New Members' Guide

Welcome, new members! This guide will, hopefully, serve to answer all most of your questions.

Table of Contents


The whole server is overseen by the Speaker of the House. They're the owner of the server, and the person who makes most official announcements. Moderation power, and the power to preside over sessions of Parliament, is jointly held by both the Speaker and the Deputy Speakers. Finally, there is an Advisory Council, which can enact changes to how the server functions. The Council and Deputy Speakers are both democratically elected,[0]admittedly, the Council also has seats reserved for party leaders and the Speaker and the staff team as a whole is referred to as The Speakership.

What's happened since we started

XOMBP diverged from reality on March 17th, 2019. Since then, many changes have occurred in the law and political landscape. You can find a lot of documentation in the legislation archive or our master spreadsheet, but here's a rundown of the major differences:

Political parties

As of April 17th, 2020, we have three political parties: The Conservative and Unionist Party, the Labour Party, and the Liberal Democrats.

You can also stand as an independent, or, if you manage to get three other people[1]Or just one other person if it's a regional party! to join you, and convince the Speakership you're significantly different from other parties, start your own party!


Every 4—6 months or so, a general election is held to determine the seats in the House of Commons. For about a week, candidates and parties campaign their arses off, all while our magical election spreadsheet™ determines who wins based on activity in Parliament, campaigning strength, scandals, and local issues. The final seats are allocated via the mixed-member proportional method, explained in this handy image:

Legislation & business

Legislation comes in 3 categories: bills, motions, and amendments. The purpose and standard format of said categories are laid out below. How this legislation goes through parliament is covered in separate guide.

Bills, known as Acts if they are passed, are the main method of effecting change. If passed, they will become part of the law of the country, so please, for the love of $DEITY, take your time when writing them. The standard format for bills is as such:

Kill All Cats Bill 2019

A Bill to have all cats killed.

Be it enacted by the Queen's most Excellent Majesty, by and with the advice and consent of the Lords Spiritual and Temporal, and Commons, in this present Parliament assembled, and by the authority of the same, as follows:—

1 Kill cats

  1. Subject to subsection (2), all cats must be killed.
  2. A person commits an offence if they kill —
    1. large cats, including —
      1. lions,
      2. tigers, and
      3. pumas,
    2. dogs, or
    3. kittens.
  3. A person guilty of committing an offence under this section is liable—
    1. on summary conviction, to imprisonment for a term not exceeding 6 months[2]the maximum amount allowed for a summary conviction or a fine not exceeding the statutory maximum or both; or
    2. on conviction on indictment, to imprisonment for a term not exceeding 5 years.

2 Short title, commencement and extent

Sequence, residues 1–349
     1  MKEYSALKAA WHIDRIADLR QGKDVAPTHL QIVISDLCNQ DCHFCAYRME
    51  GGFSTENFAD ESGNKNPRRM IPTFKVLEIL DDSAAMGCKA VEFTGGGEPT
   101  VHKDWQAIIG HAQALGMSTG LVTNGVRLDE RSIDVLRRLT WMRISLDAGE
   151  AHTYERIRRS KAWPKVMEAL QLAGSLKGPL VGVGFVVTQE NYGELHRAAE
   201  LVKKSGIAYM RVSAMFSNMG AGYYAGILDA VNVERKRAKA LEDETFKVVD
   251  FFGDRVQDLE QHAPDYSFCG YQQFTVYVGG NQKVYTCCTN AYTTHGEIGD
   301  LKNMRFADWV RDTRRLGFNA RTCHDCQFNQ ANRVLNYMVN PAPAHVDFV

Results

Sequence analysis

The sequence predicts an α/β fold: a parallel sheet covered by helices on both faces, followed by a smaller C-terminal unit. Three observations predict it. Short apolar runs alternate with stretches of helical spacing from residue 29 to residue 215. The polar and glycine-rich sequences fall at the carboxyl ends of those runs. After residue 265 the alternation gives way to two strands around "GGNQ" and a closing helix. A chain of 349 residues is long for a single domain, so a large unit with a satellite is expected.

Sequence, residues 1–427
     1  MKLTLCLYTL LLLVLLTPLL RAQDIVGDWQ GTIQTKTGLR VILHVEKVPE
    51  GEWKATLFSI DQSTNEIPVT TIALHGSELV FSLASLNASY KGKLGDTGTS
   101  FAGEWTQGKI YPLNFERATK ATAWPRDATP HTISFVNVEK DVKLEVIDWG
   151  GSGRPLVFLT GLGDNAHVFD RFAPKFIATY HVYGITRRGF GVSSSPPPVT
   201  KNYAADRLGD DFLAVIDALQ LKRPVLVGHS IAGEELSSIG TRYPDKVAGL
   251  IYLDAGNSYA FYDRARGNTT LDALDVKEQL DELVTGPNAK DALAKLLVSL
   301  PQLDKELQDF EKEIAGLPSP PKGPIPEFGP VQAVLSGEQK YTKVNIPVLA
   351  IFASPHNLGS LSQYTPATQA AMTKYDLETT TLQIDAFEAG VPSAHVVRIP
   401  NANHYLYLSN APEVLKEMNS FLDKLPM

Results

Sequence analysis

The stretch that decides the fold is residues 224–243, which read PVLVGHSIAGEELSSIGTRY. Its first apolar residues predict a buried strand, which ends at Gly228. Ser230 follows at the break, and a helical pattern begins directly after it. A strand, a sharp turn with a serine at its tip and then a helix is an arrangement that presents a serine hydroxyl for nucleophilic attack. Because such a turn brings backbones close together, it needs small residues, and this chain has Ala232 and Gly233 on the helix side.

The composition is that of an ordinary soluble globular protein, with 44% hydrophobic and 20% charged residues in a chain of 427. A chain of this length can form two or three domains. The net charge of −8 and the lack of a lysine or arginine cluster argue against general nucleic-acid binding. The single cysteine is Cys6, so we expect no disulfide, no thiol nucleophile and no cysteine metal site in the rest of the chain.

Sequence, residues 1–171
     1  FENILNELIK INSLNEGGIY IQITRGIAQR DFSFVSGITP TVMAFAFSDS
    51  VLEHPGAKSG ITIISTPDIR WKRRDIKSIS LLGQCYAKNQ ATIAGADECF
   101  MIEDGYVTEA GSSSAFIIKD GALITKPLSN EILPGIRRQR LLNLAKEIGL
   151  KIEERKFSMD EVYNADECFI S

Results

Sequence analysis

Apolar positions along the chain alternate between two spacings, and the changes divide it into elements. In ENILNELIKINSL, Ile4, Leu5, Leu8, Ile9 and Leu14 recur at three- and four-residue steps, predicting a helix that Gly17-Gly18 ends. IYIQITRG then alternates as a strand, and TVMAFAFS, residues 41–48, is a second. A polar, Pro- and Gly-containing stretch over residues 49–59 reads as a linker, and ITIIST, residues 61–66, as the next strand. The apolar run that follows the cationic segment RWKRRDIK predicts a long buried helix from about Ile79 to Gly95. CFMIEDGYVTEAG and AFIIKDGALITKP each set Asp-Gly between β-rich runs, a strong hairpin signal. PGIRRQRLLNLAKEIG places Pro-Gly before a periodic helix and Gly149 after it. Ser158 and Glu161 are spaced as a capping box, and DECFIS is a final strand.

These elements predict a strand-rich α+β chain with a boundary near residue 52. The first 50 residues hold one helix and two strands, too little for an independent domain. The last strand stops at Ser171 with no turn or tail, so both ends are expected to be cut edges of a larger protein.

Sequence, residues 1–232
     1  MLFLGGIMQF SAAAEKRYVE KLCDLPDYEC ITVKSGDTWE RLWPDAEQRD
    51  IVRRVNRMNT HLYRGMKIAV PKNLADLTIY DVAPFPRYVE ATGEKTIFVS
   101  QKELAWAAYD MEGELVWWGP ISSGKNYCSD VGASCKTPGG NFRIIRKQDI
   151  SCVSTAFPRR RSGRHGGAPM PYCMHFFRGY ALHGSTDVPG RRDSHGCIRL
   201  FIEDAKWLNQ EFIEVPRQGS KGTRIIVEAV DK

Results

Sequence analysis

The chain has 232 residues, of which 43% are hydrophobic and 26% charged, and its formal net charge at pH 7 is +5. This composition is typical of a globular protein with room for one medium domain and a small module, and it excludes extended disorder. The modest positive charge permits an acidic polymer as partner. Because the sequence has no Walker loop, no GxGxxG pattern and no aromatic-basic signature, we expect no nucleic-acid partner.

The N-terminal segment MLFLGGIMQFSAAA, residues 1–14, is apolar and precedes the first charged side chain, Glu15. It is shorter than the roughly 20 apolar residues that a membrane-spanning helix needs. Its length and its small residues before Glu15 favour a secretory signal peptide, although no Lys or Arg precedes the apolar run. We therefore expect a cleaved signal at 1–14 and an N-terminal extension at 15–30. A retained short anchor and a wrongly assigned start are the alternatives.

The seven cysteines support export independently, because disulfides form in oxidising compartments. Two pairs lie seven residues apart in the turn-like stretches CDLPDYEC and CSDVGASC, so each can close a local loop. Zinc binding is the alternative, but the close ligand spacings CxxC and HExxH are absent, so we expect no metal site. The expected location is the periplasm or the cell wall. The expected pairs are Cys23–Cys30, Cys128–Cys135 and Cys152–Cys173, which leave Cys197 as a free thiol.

1. This Act may be cited as the Kill All Cats Act 2019.
  2. This Act comes into force on the passing of this Act.
  3. This Act extends to England & Wales.[3]England and Wales are a single legal jurisdiction; an Act cannot be part of the law of only one area. It may, however, be specified that the relevant portions of the Act apply only in England.
This bill was written by the Rt Hon. Donald Trump PC, Member for New York City as a Private Member’s Bill.[4]Private Member's Bills are submitted on behalf of an MP and just that MP; bills may also be submitted on behalf of Her Majesty's Most Loyal Government, Her Majesty's Most Loyal Opposition, or a political party.

Bills not conforming to this format will be rejected.

Motions can be used for things like motions of no confidence, calling general elections, and establishing committees, but the most common type is simply one of the Houses of Parliament urging the government to take action on an issue. The standard format for these motions is as follows:

Motion to appreciate cats

This House recognises that; This House, therefore, calls upon the government to; This motion was written by the Honourable Hillary Clinton, Member forCat-alonia, and co-sponsored by the Honourable Gary Johnson, Member for Catzakhstan and Cat Party Spokesperson for Hugs.

Amendments are submitted during the legislative process of a bill, and, like the name suggests, are used to amend a bill. Amendments may not go against the principles set out in the bill's long title; those that do are known as "wrecking amendments". The standard format for amendments is as such:

An amendment to the Cool Cat Bill 2019

This amendment was written by the Rt. Hon. Lord of Nowhere KCB MBE, on behalf of Her Majesty's Most Loyal Government.

Ministers' Questions aren't legislation as such, but they are a valuable feature of parliament. Every Wednesday, the Prime Minister has to answer questions in the House of Commons; on other weekdays, other ministers are forced to answer.

Parliamentary customs

Speeches in the House of Commons are adressed to the Speaker of the House; other MPs may not be referred to by name. The standard format to referring to MPs is:

Speeches to the House of Lords are instead adressed to the whole house. Example speeches include:

In addition, one cannot accuse another member of lying or deliberately misleading the house.